US Secretary of Energy Rick Perry on 29 September announced conditional commitments for up to $3.7bn in loan guarantees to further support the construction two AP1000 reactors at the Vogtle nuclear power plant in Georgia.
The Vogtle 3&4 project is jointly owned by Georgia Power Company (GPC) Oglethorpe Power Corporation (OPC) and three subsidiaries of Municipal Electric Authority of Georgia (MEAG Power). The loan guarantee funding includes $1.67bn for GPC, $1.6bn for OPC, and $415m for MEAG Power. The funds are in addition to $8.3bn in loans to GPC, OPC, and MEAG Power subsidiaries which the Department of Energy (DOE) has already guaranteed to support the construction of Vogtle 3&4.
“I believe the future of nuclear energy in the United States is bright and look forward to expanding American leadership in innovative nuclear technologies,” said Secretary Perry. “Advanced nuclear energy projects like Vogtle are the kind of important energy infrastructure projects that support a reliable and resilient grid, promote economic growth, and strengthen our energy and national security."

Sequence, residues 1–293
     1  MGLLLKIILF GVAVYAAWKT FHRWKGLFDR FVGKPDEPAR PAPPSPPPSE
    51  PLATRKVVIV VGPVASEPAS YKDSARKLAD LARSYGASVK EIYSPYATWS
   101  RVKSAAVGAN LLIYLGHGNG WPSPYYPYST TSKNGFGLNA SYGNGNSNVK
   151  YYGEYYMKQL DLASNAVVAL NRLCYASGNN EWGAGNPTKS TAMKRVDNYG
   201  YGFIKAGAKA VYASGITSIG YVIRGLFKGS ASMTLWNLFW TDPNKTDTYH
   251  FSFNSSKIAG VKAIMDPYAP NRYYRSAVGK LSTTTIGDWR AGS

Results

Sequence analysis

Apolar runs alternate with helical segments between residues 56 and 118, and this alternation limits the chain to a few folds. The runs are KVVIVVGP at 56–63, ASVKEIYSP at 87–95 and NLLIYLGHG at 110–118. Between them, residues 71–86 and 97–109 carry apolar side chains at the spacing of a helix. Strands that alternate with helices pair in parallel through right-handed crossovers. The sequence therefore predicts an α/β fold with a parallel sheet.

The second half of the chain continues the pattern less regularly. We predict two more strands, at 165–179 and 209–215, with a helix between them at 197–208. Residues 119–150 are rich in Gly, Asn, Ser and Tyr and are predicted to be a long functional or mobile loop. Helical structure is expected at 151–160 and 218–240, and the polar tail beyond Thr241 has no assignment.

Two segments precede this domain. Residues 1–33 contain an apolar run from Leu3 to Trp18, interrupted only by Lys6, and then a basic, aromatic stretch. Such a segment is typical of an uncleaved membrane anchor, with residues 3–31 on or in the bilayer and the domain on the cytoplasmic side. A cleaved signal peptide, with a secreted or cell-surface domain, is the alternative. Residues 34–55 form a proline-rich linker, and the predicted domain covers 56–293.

The Vogtle project is the first new nuclear plant to be licensed and begin construction in the USA in more than three decades and is the first US deployment of Westinghouse AP1000 technology. The Energy Policy Act of 2005 authorised DOE to issue loan guarantees for projects that employ new or significantly improved technologies and avoid, reduce, or sequester greenhouse gases. If the new Vogtle loan guarantees are approved, they would be the first issued under the $12.5bn Advanced Nuclear Energy Projects Solicitation issued in December 2014.
The news was welcomed by the US Industry. Maria Korsnick, president and chief executive officer of the Nuclear Energy Institute commented:
"We applaud Secretary Perry’s decision to extend up to $3.7 billion in additional loan guarantees to support completion of the construction of two Westinghouse AP1000 reactors at Plant Vogtle in Georgia. The twin reactors being built there are the only advanced reactors currently being built in the U.S. and their completion is absolutely critical to help maintain American leadership in nuclear technology.